Highlighting Feedback from 2011 WaterBridge Outreach Participant: Dharma Chakkra Child Foundation Library, Sri LankaFriday, November 23rd, 2012
Our WaterBridge Outreach: Books + Water Nourishing the Mind and Body program (formerly known as Spirit of PaperTigers Outreach) seeks to further the overall goals of the PaperTigers Program: bridging cultures and opening minds, promoting greater understanding and empathy among young people from different backgrounds, countries, and ethnicities. More specifically, WBOutreach works to advance education through books and reading, and development through clean and accessible water.
Today on the blog we are highlighting feedback from WBOutreach participant Dharma Chakkra Child Foundation Library located in the Dharma Chakkra Children’s Home in Weedagama, Sri Lanka. Established in 1998, the home provides housing and education for approximately 100 orphaned boys as well as for boys from unstable homes. In 2008 a second children’s home was opened exclusively for girls. Nia Murphy was instrumental in getting a 2011 Book Set to the Dharma Chakkra Child Foundation Library and for providing us with this feedback:
The books were put in the children’s shared library. Dharma Chakkra has two hostels, one for the girls and then another, about 200 metres away and behind a wall, for the boys. The library is in the boys’ hostel. When I was last at the home the library was open in the evenings for the boys to use freely. Since then they’ve decided to shut it except at weekends when they have library time and English classes. I was told the books were used by the English teacher during these classes. However it was felt the books were a bit difficult for some of the children at the home, many of whom are still struggling with Sinhala, the local language. This is mostly true of the boys but the girls, who unfortunately have less access to the library, are at a higher standard. In hindsight I think a donation only for the girls’ hostel might have been a good idea. This was my mistake.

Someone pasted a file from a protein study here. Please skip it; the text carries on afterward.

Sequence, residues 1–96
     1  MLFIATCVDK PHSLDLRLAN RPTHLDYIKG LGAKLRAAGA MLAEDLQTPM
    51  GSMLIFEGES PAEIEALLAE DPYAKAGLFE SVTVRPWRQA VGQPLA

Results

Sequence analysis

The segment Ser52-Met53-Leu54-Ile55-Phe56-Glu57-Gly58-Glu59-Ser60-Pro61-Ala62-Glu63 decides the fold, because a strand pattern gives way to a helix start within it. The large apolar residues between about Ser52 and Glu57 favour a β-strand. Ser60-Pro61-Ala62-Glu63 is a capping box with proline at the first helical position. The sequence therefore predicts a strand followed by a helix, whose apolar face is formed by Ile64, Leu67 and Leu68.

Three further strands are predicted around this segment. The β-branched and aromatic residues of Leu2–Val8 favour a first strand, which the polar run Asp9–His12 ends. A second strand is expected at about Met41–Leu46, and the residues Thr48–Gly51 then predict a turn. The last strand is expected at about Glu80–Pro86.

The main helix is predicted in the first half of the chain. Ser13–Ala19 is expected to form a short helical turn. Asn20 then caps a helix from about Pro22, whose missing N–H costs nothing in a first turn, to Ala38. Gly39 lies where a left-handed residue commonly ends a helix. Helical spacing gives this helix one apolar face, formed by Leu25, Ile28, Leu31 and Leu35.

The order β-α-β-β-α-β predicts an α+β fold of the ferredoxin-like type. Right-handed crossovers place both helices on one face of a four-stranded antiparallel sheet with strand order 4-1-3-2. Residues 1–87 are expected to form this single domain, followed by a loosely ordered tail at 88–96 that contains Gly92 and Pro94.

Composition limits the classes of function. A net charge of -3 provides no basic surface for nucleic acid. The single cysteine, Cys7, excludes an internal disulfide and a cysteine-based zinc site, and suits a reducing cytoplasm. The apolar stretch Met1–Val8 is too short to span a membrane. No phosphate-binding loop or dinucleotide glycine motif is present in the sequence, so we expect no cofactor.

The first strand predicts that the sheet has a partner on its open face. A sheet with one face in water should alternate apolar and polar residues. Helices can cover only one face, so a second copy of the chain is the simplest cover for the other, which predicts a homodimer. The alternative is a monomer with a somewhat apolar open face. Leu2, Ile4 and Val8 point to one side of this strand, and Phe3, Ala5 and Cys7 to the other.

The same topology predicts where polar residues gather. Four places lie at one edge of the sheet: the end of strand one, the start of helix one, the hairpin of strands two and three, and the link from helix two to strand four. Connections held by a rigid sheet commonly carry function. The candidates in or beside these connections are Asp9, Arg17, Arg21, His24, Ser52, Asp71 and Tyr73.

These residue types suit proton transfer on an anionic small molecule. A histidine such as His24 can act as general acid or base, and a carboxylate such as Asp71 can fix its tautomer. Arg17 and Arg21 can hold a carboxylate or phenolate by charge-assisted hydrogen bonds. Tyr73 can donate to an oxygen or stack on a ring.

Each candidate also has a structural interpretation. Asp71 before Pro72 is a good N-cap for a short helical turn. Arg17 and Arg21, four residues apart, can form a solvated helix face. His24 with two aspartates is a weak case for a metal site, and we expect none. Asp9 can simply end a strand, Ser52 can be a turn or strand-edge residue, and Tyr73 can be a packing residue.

The overriding feedback was actually about the visuals: that the books showed children things they don’t normally see in ‘normal’ (read affordable) English or Sinhala books. Many of the books they have in the library are very old and extremely out of date. The affordable English books on the market in Sri Lanka are often things like The Radiant Way, which is a very dated old English sort of publication with smiling white children in high socks. Very simply, seeing children in picture books with brown skin is a rarity. So they were particularly excited about this, and the fact the children were seeing worlds not too dissimilar to their own but ones not normally presented in children’s books.
Click here to read the rest of Nia’s report.